F5 Load Balancer vs McAfee HA?
This question is intentionally left open ended. I see pros and cons on both sides but it seems to me that using a true load balancer provides the most advantages and is a more robust solution all around. Does anyone disagree or have an argument against?
Our true motivator is turning on more services (SSL Decryption, Duel-Engine AV Scanning, etc.) so we need to increase capacity and prepare a venue for failover.
Currently we use a PAC file to direct traffic from internal networks to the proxy closer to users of that region, we have only two proxies (5500s). In the past when their was an issue with one proxy all traffic is directed to the other box and it's generally hammered at that point. If I can keep the connections more distributed at each location then I create headroom for the services we want to turn up 'and' better handle failovers.
I am looking for opinions and suggestions.
(edited for clarification)
Message was edited by: consoul on 12/21/12 1:21:56 PM CSTMessage was edited by: consoul on 12/21/12 1:22:24 PM CST
I was waiting for other customer's to respond because I'm probably partial in some ways.
Using an external load balancer has always had success in my experience. I like it in particular because of its abilities to add/remove devices from a pool very smoothly without interupting the end users. It also has abilities for perfoming health checks and performing GET requests and actually interpretting the response (success or fail).
On the other hand Built-in ProxyHA is useful if you do not already have an external load balancer. This allows one appliance to "handle" the traffic (aka the director node and it owns the virtual IP), and the other node is the scanning node. The director node is also a "scanning" node (so it handles traffic too). There is built-in load sharing algorithm that takes into account resource usage and active number of connections (so if one appliance is overloaded, the other will get more traffic to compensate).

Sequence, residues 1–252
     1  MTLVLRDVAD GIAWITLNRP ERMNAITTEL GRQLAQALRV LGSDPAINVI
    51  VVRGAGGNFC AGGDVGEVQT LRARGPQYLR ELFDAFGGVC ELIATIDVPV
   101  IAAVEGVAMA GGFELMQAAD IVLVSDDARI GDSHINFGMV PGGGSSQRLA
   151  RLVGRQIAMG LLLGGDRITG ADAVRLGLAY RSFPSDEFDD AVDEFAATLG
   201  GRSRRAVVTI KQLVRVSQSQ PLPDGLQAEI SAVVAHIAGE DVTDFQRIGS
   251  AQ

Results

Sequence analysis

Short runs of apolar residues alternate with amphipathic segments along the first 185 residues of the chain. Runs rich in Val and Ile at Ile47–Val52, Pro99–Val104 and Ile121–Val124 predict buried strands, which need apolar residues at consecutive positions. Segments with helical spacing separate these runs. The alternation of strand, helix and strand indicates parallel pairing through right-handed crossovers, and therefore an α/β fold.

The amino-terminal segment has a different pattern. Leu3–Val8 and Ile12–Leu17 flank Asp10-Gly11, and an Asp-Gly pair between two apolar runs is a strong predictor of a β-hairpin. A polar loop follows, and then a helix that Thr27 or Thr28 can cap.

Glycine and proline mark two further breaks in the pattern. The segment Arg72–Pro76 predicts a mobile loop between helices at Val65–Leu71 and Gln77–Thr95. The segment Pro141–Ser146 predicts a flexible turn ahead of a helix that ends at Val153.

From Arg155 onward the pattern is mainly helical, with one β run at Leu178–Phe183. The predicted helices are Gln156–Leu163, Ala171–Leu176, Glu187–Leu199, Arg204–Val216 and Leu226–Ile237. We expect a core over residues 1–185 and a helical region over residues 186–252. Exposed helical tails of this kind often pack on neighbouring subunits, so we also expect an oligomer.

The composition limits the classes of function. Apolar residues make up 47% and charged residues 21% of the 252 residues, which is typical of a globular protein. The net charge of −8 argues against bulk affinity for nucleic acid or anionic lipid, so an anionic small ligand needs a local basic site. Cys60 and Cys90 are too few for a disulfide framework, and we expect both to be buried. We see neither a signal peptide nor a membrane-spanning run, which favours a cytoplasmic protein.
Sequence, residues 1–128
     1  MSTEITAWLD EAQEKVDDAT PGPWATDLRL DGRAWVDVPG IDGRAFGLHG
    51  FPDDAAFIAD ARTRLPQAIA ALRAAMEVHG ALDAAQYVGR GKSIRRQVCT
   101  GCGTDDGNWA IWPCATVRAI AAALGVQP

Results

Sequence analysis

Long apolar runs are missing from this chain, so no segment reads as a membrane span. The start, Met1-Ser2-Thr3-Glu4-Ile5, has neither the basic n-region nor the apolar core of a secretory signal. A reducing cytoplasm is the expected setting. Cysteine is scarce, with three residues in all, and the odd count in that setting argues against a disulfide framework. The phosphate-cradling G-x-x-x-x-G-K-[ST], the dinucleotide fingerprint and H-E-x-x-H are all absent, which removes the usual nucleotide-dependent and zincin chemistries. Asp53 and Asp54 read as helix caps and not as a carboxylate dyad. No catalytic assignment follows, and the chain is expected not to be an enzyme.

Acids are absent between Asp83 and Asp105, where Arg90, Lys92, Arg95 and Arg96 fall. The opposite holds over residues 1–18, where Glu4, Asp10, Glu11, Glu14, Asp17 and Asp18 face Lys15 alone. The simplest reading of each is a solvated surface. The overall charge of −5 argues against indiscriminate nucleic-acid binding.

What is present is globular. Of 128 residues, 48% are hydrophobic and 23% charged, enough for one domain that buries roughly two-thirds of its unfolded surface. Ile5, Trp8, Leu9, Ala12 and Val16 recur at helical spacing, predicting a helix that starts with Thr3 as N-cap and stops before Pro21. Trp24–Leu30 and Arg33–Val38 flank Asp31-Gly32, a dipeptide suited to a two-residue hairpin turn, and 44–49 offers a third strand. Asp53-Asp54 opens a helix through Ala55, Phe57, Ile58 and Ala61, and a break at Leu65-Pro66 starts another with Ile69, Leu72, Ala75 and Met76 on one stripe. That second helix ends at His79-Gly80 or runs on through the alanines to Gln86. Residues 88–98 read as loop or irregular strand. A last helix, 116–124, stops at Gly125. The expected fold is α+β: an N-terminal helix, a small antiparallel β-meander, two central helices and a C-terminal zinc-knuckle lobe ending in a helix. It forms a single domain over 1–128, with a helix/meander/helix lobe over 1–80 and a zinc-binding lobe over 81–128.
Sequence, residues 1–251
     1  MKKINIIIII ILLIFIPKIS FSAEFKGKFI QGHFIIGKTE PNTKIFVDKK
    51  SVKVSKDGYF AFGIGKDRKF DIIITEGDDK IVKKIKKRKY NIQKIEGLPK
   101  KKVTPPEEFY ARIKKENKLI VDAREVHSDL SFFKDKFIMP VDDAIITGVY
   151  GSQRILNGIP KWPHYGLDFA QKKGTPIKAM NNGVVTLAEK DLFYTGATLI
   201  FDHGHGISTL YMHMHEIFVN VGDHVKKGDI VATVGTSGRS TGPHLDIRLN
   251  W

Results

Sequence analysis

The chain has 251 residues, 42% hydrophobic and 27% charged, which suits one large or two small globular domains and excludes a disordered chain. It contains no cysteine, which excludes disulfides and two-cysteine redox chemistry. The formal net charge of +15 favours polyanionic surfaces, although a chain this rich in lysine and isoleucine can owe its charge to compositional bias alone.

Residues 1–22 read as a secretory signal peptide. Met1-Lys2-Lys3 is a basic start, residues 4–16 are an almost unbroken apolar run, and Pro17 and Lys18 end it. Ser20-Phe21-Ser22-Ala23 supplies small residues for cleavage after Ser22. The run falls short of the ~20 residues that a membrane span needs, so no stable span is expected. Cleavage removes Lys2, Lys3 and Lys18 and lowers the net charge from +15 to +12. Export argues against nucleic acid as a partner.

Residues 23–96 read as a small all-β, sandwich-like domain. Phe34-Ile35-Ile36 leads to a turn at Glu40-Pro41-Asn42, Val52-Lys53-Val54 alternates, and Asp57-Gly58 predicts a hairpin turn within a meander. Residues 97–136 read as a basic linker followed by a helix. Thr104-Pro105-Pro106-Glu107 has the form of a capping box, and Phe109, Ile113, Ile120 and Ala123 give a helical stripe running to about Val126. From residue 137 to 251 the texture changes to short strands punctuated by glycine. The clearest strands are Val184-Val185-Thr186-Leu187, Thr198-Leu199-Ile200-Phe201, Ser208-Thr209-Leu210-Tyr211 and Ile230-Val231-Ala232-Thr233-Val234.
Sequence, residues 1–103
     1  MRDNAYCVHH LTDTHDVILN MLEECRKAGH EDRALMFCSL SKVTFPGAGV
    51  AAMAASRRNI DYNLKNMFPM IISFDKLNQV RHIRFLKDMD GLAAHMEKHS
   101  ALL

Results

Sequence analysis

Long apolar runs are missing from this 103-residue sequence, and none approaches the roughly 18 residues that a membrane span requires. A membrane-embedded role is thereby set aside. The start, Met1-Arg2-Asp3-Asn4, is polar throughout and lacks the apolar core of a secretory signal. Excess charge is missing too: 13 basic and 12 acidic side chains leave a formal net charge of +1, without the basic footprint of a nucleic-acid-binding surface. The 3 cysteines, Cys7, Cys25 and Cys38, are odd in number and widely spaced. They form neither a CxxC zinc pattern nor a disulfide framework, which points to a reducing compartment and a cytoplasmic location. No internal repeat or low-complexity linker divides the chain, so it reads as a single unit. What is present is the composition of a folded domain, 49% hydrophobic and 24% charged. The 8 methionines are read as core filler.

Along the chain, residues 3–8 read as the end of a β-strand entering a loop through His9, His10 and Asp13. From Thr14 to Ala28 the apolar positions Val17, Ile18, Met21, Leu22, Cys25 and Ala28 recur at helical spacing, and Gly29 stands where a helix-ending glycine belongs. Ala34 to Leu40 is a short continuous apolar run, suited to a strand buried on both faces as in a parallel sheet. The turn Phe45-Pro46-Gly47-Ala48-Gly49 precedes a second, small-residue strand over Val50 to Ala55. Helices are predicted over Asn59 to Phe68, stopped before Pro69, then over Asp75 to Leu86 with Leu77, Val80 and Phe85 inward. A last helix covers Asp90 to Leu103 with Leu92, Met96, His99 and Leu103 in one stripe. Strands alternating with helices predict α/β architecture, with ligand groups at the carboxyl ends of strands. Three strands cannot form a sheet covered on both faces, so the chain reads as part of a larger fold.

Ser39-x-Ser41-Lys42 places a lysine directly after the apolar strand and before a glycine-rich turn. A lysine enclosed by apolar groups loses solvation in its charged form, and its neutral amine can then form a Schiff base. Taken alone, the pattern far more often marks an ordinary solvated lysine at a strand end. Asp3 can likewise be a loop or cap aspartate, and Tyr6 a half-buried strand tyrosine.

For information on setting up Proxy HA and information on external load balancer, see page 41-42, 102-103 of the Product Guide (https://kc.mcafee.com/corporate/index?page=content&id=PD24047).
Hope this helps!
FWIW, we use an external load balancer (Cicso ACE at the moment) and find it a very workable solution. We have 8 mwg5000's spread across two physical data centers. We have a load balancer in front of each set of 4, and use DNS to let the client select which data center to go to. The primary reason we went this way was due to an already strong expertise and robust processes in the ACEs.
We do not do any SSL inspection, nor cacheing on the MWGs.
As Jon says, it makes it easy to take a device out of use, just turn it off and traffic is not sent that way. The ACE's do a good job of spreading the load evenly, and with the Keep Alive going to three or four reliable sites like hp.com, microsoft.com, etc. they quickly remove a device should it fail.
Al, if I might ask, you said you use DNS to allow the client to decide where they will go. Could you explain that more?
We currently use PAC files, they can be finicky but the time-to-convergence if we make a change or failure occurs is very good.
We considered using DNS, but you have to set a low TTL to make sure systems fail over quickly in the event of an outage.
We also considered 3DNS, but the same problem exists.
It seemed to us like the 'best' solution would be to use the PAC files pointing to DNS registered VIPs on a load balancer.
That's pretty much how we have it. 4 devices per data center, with a single LB VIP in front of them. Since we have two datacenters, the DNS name that is given in the pac file resolves to two VIPs.
Should we lose all devices in a data center, or the load balancer, we would be having to make a DNS change and remove one of the VIPs. Of course, should we lose a data center there will be a lot of excitement for other reasons, and I'll have time to slip in a DNS change and for the TTL to expire before too many people notice they only get half of their requests to CNN.com.